Last month I had my first close experience with grief.
Grief is a natural part of life, and most everyone goes through some form of it at some point. It is often dramatized on TV or in movies. However, in truth and honesty, it is far from glamorous.
Now, I didn’t lose anyone who I, personally, was close to. But I did walk alongside a friend of mine, who I will call Jamie, as she lost her mom. After a tumultuous battle with cancer, Jamie’s mother passed on August 24th 2022 due to an infection.
Now, I really haven’t known Jamie for that long. We only met for the first time in May, and haven’t spent very much time talking and getting to know one another yet. However, she still chose to reach out to me for support in this difficult time.
When she texted me the news on August 24th at 7:24pm, it felt like a sock in the gut. Jamie and her family had been expecting her mother to pass within the few days around that date. This wasn’t a sudden death. But the awful, chilling finality of knowing that she was gone until the day Jamie and her family will reunite with her in heaven…
Nobody can ever quite be prepared for that.
I was still at youth group when I got the text, and I remember milling around a few minutes more before deciding to give up the act and go to my car to be alone. Sitting in the driver’s seat, I let the tears flow as the truth hit me fully. I couldn’t quite understand what was happening. I’m sure Jamie couldn’t either.
After a few minutes, I drove myself home. Usually, I like to belt my favorite songs whenever I drive. That night, I couldn’t. It seemed irreverent to do so. I drove home in silence.
When I got home, I asked some friends to pray for Jamie and spent some time reflecting. I wondered to myself, what can I do to help? I didn’t quite know.
I found myself remembering Jamie’s sister, and how she always stands in the front row during worship in Sunday service. She sings with a visible conviction that can only come from a life of refining. I remembered her faith. And I also remembered Jamie’s struggles; the inevitable confusion that comes as one grows up and begins to come of age. The sort that a mom’s wisdom helps smooth out.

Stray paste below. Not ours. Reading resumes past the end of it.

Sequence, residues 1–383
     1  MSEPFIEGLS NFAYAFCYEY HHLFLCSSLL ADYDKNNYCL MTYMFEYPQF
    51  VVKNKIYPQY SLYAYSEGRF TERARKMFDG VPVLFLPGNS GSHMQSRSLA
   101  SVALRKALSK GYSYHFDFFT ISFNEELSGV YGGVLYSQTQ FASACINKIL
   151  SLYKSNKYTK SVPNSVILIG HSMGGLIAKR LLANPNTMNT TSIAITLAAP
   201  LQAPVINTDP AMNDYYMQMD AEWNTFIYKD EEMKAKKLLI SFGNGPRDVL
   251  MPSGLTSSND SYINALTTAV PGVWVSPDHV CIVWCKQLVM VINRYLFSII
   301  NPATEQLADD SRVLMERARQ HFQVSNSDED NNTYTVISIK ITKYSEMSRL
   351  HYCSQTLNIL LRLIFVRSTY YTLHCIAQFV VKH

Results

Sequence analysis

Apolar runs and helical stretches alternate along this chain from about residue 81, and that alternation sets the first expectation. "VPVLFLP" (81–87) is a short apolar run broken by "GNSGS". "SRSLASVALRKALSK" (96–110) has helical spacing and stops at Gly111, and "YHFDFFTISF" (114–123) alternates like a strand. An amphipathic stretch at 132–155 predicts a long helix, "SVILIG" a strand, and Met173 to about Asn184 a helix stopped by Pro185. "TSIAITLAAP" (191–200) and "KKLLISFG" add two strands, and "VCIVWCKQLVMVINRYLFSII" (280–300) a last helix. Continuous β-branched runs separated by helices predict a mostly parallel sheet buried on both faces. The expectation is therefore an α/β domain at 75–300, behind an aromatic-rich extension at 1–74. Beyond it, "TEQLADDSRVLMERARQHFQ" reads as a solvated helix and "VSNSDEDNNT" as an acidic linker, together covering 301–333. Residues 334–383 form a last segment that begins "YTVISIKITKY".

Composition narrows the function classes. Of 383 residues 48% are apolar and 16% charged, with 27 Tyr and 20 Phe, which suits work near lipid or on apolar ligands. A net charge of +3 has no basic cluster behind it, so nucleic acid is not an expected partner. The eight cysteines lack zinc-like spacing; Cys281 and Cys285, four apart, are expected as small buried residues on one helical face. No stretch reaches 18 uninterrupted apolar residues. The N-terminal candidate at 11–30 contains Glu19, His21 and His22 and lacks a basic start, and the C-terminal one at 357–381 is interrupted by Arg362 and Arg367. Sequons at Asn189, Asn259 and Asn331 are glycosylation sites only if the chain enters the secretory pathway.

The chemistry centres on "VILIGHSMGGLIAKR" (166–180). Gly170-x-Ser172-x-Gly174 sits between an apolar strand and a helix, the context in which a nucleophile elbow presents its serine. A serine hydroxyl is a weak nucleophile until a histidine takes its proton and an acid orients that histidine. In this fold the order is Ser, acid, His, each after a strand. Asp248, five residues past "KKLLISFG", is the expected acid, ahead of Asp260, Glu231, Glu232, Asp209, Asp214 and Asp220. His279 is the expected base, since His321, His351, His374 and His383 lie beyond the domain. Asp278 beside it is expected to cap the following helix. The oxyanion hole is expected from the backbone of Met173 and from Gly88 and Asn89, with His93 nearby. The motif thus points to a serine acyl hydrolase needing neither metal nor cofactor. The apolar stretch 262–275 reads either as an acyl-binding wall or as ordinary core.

I still can’t understand yet.
And that’s okay.
Here’s some of my journal entries through my time of first walking alongside Jamie.
8/21: “Lord, my heart aches for Jamie and her family. Lord, hold them close tonight as they face having to say goodbye to their loved one. Help me be unafraid to support and love them. Jesus, bring rest to their heart and assurance that brighter days will come.”
8/24: “Lord, tonight You recieved Jamie’s mom into Your kingdom with shouts of joy. But that doesn’t mean there isn’t a hurting family left behind. Help the family as they begin grieving. Guide me in supporting Jamie. My heart aches for them. I know there will be brighter days, and that there is light at the end of the tunnel, but I know that the light, for them, must be so far that they can’t quite glimpse it yet. Help them never give up so that one day they will glimpse it and forge on towards it with the hope of seeing their loved one again in heaven.”
*The next day*
8/25: “Today I’ve been a bit off. I think it’s because this death has been my first close experience with grief; and I don’t quite know what to do with it. I’m not sinking my arms in shoulder deep to help Jamie because I don’t know how. Seeing something on TV or in movies is completely different than watching someone experience it in real life. It has sucked the life out of me today.
Help me take initiative to help Jamie even though I don’t quite know what to say or do. Help me reckon with these stretching circumstances. I did ask You to kick me off my own high horse, after all; and helping this family may very well be the start. Thank You for the reminder that wisdom and knowledge on anything, from relationships to grief, is not a safety net. With the messiness of humanity, I don’t want fear to stand in the way of me doing or being anything.